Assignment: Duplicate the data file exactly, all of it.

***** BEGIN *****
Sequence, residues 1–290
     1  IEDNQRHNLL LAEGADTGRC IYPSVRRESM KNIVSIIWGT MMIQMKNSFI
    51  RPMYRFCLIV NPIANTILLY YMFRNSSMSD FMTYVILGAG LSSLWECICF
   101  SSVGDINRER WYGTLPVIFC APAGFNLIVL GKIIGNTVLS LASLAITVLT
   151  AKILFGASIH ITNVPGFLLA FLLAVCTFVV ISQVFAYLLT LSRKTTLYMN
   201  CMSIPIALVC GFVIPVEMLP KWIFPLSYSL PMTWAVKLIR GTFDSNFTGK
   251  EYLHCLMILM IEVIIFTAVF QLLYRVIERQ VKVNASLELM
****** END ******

Sequence, residues 1–290
     1  IEDNQRHNLL LAEGADTGRC IYPSVRRESM KNIVSIIWGT MMIQMKNSFI
    51  RPMYRFCLIV NPIANTILLY YMFRNSSMSD FMTYVILGAG LSSLWECICF
   101  SSVGDINRER WYGTLPVIFC APAGFNLIVL GKIIGNTVLS LASLAITVLT
   151  AKILFGASIH ITNVPGFLLA FLLAVCTFVV ISQVFAYLLT LSRKTTLYMN
   201  CMSIPIALVC GFVIPVEMLP KWIFPLSYSL PMTWAVKLIR GTFDSNFTGK
   251  EYLHCLMILM IEVIIFTAVF QLLYRVIERQ VKVNASLELM